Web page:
Мои родители приехали из Молдовы в 1973 году.  Они выросли на русском языке. Молдова находилась под контролем Советского Союза с 1940 по 1991 год. В детстве я говорила в основном по-английски и немного по-русски. Когда я стала старше, я увидела что теряю способность говорить и понимать по-русски. Поскольку у меня почти нет друзей с которыми я могу говорить по-русски я хотела сохранить эту часть меня. Я решила оставаться на связи со своей культурой и выучить русский язык. Я начала учиться с подкастов и использовать приложения. Сейчас я учу русский в этом классе. Мне очень нравится русский язык и культура.

 

 

Kevin B. Makel

 I grew up on a cattle ranch and went to small rural schools.  Halfway through high school my family moved to the San Francisco Bay Area. Being the transfer student at a new school meant I needed to make some friends quickly. The most interesting and intriguing people I met were the guys of Russian descent, their family stories of escaping the Soviet Union and immigrating to America through China were fascinating to me. Soon I had half a dozen Russian friends who spoke the language.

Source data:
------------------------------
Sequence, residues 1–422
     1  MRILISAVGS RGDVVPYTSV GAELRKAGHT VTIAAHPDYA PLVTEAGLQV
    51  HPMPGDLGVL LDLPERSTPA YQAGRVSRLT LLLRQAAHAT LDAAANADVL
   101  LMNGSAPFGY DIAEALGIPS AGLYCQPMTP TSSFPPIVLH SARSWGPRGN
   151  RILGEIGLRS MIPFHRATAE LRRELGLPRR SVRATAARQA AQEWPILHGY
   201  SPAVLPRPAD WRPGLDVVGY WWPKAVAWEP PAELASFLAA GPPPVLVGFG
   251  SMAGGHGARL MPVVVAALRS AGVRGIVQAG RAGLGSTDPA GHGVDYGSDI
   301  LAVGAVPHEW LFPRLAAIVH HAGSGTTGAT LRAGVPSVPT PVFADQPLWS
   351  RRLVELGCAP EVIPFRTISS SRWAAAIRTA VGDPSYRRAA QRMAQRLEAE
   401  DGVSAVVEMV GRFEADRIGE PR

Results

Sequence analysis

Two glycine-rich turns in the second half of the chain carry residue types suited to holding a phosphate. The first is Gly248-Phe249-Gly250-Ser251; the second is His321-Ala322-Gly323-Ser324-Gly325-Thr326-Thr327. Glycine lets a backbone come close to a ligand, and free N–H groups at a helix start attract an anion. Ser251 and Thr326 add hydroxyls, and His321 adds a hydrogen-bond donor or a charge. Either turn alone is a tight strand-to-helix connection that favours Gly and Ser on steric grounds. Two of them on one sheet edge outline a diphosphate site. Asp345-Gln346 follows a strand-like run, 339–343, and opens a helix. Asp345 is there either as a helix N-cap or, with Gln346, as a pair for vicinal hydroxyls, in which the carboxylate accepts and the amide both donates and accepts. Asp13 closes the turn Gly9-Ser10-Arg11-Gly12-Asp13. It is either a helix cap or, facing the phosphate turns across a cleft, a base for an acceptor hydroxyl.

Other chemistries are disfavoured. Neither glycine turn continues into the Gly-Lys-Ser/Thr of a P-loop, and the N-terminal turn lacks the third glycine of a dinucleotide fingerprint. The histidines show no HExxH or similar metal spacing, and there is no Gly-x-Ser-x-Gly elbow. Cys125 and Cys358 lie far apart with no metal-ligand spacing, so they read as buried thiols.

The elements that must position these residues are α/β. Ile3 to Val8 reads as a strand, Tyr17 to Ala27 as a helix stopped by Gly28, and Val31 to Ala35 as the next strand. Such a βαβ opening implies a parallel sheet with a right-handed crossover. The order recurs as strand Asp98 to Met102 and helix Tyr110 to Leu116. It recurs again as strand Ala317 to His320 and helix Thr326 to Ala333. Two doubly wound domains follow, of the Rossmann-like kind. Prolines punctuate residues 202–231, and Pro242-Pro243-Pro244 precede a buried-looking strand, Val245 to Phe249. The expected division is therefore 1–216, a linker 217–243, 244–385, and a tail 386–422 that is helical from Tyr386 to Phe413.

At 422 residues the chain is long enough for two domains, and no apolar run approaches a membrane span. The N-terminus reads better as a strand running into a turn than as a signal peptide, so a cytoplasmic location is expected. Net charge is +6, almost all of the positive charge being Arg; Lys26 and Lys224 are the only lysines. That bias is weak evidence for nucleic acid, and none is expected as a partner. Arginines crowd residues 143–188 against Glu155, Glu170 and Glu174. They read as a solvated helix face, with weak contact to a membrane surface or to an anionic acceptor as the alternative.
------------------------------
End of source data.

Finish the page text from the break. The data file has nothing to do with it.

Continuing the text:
I enjoyed their sense of humor and their pranks of slipping impolite Russian words into our school yearbook and newspaper.  One of my friends, Mike Viripaeff, was the nephew of the legendary Russian-American film actress Natalie Wood (Natalia Nikolaevna Zakharenko, Наталья Николаевна Захаренко).

Unfortunately, Russian language courses were never offered in high school or the college which I attended. Many years later I was on duty in the Balkans and after some time, I was able to understand my Serbian friends’ conversations. It was not Russian but similar in many ways.    Finally, after discovering that I have some Russian ancestry myself, I’ve decided to learn the language, gain a unique skill and explore a very interesting culture. I enjoy the intellectual challenge and as my cousin Pete, a teacher, stated “If you’re not struggling, you’re not learning”. Thus I’m doing a lot of learning.